In most personal injury lawsuits, negligence is often presented as a probable cause of the unfortunate incident. In definition, negligence refers to any conduct that causes an unreasonable risk of injury to other individuals. As a result of a negligent action, harm befalls a party. This party then seeks legal redress in damages. Negligence can be a challenging aspect of the law. The complexity is because the various elements of negligence relate differently to the facts of an individual case. However, such complexities could be addressed if you seek the services of an experienced personal injury attorney. To help you better understand this concept in law, here is a look at what contributes to negligence.
Elements of a Negligence Claim
To better figure out what constitutes a negligence claim, there are two principal parties to consider. The plaintiff, who is the victim and the defendant, who is the party allegedly at fault. Proof of a negligent act is evidenced through the following elements.
It has to be established that the defendant owed a legal duty of care to the plaintiff.
2. Breach of Duty
The courts then assess whether there was a breach of duty. If the actions of the defendant, or the lack thereof, were within what a reasonably prudent individual would do, then there is a breach of the legal duty of care.
Under this, the plaintiff must prove that the injury they suffered was a consequence of the defendant’s negligence.
Damages refer to the compensation sought after by the plaintiff. The amounts pursued are a total of medical expenses incurred due to the accident, and any loss of income because of the injuries sustained. The courts may further allow for any other costs to be included if they are satisfied that they resulted from the injury.
Defenses to Negligent Claims
Damage awards are substantial. At other times, the courts have been known to include punitive damages over and above the sums sought after by the plaintiff. It is only natural for the defense to use legal means to avoid paying the amounts. The law provides for the following as possible defenses that could be employed by the defendant.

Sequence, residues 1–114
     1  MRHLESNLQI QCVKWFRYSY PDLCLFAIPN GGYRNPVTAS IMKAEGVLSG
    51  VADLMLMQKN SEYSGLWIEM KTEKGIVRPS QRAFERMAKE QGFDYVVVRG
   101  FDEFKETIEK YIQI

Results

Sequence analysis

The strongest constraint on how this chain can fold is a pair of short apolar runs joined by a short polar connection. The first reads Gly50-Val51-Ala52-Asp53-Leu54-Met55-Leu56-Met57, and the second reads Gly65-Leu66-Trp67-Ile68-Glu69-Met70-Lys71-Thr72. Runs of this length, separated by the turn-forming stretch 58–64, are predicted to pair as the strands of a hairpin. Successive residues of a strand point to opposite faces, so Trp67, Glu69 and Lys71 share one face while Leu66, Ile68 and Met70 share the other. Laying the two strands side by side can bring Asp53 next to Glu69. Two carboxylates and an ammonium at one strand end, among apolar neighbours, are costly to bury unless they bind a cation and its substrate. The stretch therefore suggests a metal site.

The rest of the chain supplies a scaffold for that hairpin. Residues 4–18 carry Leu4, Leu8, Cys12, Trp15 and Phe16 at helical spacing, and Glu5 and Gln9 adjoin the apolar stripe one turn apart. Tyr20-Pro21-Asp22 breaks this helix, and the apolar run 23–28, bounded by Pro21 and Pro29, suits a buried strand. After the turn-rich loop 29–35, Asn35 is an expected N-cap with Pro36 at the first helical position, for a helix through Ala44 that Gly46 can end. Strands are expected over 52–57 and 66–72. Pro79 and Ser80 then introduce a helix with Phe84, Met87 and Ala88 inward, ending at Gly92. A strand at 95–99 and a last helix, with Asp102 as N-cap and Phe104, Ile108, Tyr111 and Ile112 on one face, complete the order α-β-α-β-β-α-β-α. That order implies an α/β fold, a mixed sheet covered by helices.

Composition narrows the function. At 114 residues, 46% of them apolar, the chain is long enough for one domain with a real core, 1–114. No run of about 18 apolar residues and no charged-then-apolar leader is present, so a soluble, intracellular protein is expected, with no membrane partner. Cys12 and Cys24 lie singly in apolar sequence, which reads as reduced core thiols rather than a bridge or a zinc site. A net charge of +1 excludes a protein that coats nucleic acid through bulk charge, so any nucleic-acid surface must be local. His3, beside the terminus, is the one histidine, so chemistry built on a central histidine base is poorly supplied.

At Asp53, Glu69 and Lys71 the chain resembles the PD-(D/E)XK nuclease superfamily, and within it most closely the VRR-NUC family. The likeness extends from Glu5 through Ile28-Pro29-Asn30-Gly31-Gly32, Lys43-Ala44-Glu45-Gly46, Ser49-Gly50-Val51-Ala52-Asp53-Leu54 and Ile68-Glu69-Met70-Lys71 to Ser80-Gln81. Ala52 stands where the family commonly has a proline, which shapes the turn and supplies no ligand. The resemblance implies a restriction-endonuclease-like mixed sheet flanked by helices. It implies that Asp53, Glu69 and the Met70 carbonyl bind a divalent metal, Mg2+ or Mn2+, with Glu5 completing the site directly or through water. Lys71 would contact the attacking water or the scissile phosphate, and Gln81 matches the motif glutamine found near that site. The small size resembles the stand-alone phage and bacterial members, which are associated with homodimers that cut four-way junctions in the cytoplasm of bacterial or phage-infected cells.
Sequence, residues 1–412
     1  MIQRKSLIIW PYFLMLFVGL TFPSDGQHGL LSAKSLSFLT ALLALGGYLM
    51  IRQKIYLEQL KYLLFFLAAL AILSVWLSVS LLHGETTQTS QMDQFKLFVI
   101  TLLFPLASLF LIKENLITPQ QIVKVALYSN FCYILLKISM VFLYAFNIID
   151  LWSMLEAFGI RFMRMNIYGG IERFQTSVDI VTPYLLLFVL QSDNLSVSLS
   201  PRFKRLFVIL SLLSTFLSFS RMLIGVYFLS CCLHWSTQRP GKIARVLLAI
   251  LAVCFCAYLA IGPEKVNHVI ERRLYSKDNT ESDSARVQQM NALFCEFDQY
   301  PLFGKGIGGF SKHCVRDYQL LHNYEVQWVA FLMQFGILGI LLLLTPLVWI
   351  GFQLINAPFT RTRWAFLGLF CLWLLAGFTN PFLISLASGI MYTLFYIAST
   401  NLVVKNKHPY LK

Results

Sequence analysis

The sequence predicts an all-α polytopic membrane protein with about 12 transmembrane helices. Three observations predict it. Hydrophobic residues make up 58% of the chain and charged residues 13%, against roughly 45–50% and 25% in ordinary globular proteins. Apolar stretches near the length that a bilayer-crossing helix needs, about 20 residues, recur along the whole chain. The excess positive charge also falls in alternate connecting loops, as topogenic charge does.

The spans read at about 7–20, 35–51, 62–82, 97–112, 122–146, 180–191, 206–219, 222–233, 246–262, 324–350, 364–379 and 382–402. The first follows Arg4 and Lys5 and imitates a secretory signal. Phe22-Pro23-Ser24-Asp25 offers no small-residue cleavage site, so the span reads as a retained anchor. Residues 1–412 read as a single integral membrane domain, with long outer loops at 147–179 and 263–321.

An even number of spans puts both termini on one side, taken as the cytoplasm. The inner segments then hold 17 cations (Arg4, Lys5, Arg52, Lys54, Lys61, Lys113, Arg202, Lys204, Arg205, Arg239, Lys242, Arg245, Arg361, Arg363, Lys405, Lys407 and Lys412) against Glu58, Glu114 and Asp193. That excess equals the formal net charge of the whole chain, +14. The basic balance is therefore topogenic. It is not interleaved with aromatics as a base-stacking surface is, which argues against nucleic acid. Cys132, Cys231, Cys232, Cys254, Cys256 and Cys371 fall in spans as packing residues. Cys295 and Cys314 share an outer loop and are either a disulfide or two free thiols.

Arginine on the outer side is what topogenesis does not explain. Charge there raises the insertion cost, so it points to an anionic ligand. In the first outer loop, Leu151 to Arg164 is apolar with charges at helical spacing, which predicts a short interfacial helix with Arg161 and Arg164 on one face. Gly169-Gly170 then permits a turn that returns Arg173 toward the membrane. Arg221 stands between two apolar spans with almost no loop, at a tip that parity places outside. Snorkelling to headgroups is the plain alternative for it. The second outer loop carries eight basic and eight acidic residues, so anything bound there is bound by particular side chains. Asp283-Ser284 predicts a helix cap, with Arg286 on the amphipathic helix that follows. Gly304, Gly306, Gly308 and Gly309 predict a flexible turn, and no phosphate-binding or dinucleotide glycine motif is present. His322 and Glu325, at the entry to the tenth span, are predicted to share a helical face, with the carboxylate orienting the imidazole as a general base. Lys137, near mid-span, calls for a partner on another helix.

Under this aspect, the negligent actions are as a result of conducts by both the defendant and the plaintiff. This concept, however, puts more focus on the plaintiff. It would be a case of contributory negligence only if the claimant’s actions resulted in an injury, whether partially or entirely.
If the defense proves that the plaintiff’s actions partially or wholly caused their injury, the plaintiff loses the case. Damages are, therefore, not paid to the plaintiff.
Comparative negligence is adopted by several states including New York. It is considered as a solution to the harsh and unfair outcomes of the contributory negligence defense. In comparative negligence, each party’s negligence is weighed. The underlying principle is that each party’s actions, or lack thereof, contributed to the injury. It, therefore, follows that the value of the damages sought is subjected to the contribution each party had to the injury. There are two ways to look at comparative negligence:
1. Pure Comparative Negligence
Damages sought after by the plaintiff are summed up. The amount is then reduced to reflect the plaintiff’s contribution to the injury.
2. Modified Comparative Negligence
It is the most common approach in injury cases. A plaintiff loses the case if it is established that they were more responsible or equally responsible for the injury. The threshold set is fifty percent. Therefore, the plaintiff should not be more than fifty percent culpable for the injury.
Having an personal injury attorney could determine the outcome of your case. It is advised to seek the attorney’s input. Upon reviewing the matter, the attorney is then able to advise you accordingly.
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